In brief, the main claim of the patent in suit related to a pharmaceutical composition for use in prophylaxis or treatment of a group of diseases involving pathological protein aggregations in the brain (so called Lewy body diseases, including e.g. PD), the composition comprising an agent that induces an immunogenic response against a protein target known as alpha-synuclein, said agent being either:
The Opposition Division [OD] found that the mouse data included in the patent did not convincingly show that the claimed active (1) or passive (2) immunisation compositions led to a reduction of aggregations in mouse brains. Consequently, the OD decided that the patent did not plausibly establish the link between reduction of alpha-synuclein aggregates and treatment of Lewy body diseases and, hence, judged that the claim did not comply with the requirement of sufficiency.
To address the issue, the Board first extensively reviewed the cited prior art literature alone and concluded that at the date of filing, the protein target of the claimed compositions was clearly associated with the aggregation-related neurodegenerative diseases. Then, the Board reviewed the counter-evidence literature cited by the Opponent and found that it only strengthened this conclusion. Hence, based on the extensive literature review, the Board concluded that the skilled person would have derived from the prior art that reduction of the aggregates could be a measure of likely therapeutic effects. The Board then stated that the experimental set-up and results of the pre-clinical data as filed had to be seen against this background.
As a next step, the Board assessed the originally filed data for an indication of successful alpha-synuclein targeting in vivo resulting in reduction the pathological aggregates in brain tissue of at least some mice that received the therapeutic compositions. They concluded that the patent showed an example where active immunisation with alpha-synuclein protein resulted in high-titer production of anti-alpha-synuclein antibodies that must have crossed the blood-brain barrier and hence resulted in a seemingly reduced alpha-synuclein inclusions in in the brain observed in few vaccinated mice. The Board then considered that this example also supported the claim part directed to the active immunisation composition, as the skilled person would have concluded that if endogenous antibodies crossed the blood-brain barrier, the externally administered ones would achieve a similar effect.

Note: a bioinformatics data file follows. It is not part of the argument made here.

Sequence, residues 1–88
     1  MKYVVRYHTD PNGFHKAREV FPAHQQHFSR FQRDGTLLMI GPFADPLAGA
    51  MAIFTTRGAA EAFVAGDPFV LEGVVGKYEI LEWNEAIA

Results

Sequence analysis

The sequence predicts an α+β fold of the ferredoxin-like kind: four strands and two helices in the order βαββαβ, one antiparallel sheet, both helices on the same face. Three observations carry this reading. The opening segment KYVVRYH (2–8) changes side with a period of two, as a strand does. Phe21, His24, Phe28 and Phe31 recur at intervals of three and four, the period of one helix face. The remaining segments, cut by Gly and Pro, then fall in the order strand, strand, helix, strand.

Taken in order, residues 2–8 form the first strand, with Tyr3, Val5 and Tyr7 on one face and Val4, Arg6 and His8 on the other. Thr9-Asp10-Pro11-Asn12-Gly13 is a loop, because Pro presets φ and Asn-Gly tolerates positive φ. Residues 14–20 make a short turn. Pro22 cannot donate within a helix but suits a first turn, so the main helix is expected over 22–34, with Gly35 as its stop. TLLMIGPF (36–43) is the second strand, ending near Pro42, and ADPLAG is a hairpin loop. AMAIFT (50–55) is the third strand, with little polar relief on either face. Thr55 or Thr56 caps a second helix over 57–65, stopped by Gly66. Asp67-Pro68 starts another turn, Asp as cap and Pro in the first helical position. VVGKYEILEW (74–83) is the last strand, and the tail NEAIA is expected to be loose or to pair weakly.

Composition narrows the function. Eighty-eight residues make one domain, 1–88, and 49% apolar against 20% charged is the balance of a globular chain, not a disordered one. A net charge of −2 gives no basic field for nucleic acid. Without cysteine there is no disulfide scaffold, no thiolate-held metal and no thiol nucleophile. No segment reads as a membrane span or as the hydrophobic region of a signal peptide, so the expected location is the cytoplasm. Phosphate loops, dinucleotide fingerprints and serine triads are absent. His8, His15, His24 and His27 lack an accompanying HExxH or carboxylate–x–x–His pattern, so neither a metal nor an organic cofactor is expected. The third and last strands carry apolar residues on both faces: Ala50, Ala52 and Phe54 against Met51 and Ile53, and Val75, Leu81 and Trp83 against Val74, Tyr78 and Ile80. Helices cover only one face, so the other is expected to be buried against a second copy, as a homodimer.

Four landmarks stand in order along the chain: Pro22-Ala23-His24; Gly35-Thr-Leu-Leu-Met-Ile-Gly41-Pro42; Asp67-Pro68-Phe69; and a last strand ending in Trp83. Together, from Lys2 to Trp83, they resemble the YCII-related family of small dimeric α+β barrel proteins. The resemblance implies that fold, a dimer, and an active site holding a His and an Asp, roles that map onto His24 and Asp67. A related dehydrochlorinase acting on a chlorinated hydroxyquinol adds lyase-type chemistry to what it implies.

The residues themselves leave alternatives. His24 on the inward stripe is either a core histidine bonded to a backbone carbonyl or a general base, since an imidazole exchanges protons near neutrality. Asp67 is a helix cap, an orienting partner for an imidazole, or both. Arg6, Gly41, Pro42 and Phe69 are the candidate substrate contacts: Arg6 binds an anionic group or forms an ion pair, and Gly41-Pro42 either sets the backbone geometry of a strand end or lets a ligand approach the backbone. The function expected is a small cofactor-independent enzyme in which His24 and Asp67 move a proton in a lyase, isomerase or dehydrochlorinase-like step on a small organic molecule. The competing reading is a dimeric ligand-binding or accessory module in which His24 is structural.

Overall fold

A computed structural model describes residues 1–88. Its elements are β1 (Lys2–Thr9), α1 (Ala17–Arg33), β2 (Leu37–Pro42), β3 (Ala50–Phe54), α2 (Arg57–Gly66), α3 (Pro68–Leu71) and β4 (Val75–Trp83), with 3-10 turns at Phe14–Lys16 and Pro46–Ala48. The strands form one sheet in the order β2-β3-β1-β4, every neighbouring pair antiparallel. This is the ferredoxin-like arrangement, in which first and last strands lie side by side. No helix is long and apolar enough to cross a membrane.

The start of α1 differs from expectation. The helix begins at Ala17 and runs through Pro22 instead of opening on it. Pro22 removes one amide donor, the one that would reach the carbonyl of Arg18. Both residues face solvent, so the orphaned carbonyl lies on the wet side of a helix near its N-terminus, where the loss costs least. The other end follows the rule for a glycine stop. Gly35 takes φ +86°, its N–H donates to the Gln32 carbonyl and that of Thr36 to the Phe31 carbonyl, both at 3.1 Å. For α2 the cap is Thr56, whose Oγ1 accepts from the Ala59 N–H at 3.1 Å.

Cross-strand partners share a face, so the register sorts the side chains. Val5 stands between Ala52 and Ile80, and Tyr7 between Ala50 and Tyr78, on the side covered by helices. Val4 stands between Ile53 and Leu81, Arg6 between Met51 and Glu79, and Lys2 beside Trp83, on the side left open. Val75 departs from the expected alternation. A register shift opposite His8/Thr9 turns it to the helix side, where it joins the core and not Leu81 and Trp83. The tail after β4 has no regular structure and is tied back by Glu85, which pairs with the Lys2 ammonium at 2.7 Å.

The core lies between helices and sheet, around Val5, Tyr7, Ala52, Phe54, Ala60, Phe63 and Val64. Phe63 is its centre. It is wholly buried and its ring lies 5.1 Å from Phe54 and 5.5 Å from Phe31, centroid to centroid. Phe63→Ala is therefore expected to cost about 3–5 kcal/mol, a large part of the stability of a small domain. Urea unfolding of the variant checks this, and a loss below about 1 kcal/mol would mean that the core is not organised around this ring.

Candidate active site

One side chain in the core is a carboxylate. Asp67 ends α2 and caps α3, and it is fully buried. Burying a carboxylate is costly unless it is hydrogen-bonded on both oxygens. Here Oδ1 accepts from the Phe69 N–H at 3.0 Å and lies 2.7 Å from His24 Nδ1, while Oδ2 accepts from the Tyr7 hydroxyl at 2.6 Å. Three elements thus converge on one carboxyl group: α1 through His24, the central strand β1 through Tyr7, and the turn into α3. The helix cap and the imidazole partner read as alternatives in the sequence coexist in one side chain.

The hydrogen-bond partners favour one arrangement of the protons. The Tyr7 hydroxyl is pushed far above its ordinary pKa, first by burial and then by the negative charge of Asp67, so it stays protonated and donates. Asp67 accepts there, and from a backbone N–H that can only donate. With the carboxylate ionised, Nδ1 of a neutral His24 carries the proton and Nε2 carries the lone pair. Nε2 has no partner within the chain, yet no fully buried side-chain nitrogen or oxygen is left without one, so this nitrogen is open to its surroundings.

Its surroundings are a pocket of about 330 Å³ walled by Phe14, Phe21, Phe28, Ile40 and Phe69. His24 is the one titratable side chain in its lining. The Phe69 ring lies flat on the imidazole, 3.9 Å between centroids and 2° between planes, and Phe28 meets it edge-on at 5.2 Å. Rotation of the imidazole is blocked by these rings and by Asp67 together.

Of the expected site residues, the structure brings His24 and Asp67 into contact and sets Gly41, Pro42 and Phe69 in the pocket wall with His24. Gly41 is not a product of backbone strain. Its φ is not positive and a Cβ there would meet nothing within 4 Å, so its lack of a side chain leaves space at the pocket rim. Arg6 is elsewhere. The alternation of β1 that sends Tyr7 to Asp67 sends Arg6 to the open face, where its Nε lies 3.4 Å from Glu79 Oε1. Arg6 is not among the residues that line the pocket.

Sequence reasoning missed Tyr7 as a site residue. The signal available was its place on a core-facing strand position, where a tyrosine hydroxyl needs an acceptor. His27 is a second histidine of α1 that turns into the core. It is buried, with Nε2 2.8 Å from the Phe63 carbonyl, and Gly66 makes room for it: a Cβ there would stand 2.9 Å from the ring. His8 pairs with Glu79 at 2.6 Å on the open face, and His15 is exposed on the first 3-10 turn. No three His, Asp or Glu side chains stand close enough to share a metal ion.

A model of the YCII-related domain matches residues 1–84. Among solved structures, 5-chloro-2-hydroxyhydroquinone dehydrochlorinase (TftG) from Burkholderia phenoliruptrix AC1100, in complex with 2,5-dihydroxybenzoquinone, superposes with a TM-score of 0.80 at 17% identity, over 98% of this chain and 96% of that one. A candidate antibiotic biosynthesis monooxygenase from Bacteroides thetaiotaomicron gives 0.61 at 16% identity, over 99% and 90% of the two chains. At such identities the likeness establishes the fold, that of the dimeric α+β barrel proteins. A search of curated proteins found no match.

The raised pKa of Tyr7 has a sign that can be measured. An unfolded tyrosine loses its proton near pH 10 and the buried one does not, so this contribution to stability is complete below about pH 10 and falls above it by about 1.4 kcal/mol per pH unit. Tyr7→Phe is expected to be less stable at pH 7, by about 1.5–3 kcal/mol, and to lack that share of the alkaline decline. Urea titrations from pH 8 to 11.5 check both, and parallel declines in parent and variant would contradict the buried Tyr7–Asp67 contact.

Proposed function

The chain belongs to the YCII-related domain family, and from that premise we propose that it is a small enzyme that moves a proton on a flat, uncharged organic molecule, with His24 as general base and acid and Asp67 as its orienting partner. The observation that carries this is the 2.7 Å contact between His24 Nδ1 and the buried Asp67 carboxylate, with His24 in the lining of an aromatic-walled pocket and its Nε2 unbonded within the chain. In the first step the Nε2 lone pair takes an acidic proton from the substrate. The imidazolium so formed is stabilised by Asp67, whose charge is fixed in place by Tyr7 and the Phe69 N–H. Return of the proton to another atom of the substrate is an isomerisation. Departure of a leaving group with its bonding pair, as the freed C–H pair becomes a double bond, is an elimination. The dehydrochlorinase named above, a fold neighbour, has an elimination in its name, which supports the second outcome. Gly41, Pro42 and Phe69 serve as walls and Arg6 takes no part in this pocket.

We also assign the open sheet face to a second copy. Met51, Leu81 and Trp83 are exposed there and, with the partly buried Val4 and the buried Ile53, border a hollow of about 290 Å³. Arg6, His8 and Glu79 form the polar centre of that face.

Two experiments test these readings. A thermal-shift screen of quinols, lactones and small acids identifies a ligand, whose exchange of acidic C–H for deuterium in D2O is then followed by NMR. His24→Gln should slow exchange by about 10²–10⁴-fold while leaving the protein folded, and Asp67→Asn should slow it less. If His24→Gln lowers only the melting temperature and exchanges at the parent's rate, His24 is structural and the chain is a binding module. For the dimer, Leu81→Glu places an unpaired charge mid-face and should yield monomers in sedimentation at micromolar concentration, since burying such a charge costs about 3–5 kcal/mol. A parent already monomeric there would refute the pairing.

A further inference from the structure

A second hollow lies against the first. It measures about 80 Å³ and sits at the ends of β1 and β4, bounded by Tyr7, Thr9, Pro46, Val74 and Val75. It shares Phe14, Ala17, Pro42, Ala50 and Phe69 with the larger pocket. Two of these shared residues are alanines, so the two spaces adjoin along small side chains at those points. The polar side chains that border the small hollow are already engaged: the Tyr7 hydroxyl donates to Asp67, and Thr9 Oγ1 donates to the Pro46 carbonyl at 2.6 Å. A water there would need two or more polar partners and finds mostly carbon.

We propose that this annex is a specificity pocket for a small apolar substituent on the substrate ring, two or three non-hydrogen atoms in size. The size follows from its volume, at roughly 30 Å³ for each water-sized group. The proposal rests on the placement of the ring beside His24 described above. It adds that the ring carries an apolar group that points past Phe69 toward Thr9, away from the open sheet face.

The Board verbatim concluded that “the lack of statistical information and the small number of animals would not have diminished the credibility of the results …, because they build upon what the skilled person would have expected from the prior art, namely that a link existed between the reduction of alpha-synuclein aggregation and the treatment of Lewy body disease.” (emphasis added)
Hence, based on the rather-debatable pre-clinical results in the text as filed, but taken in light of the common general knowledge evidenced by the referenced scientific publications, the Board held the therapeutic effect was plausibly achieved by the claimed compositions at the date of filing. Thus, the claim was held to meet the sufficiency requirements under Art. 83 EPC. The case was remitted to the OD for novelty and inventive step assessment, which outcome will be interesting to see in view of the “comprehensive body of knowledge in the prior art” the Board relied upon when formulating their judgement on sufficiency.
Of note, the sufficiency question was not addressed in the context of prophylaxis as this issue was not raised by the Opponent. Of further note, in formulating their judgement, the Board did not consider the post-published clinical evidence provided by the appellant/proprietor, which notably included preliminary phase 2 study results of the clinical trial NCT03100149 using an alpha-synuclein-specific antibody Prasinezumab. The fact that such convincing later-published evidence seemingly had no direct bearing on the Board’s decision is consistent with the established EPO practice whereby reliance on post-filing data cannot be used to "cure" an insufficiency of disclosure issue and thus is not allowed when assessing plausibility of claims in the context of Art. 83 EPC. Conversely, once the claimed invention is held made at least plausible by the disclosure as filed, post-filed data is frequently considered during inventive step assessment under Art. 56 EPC during deciding whether the invention indeed solves the technical problem it purports to solve. I will be interesting to see if this practice is confirmed once the OD resumes proceedings on the discussed herein patent in suit.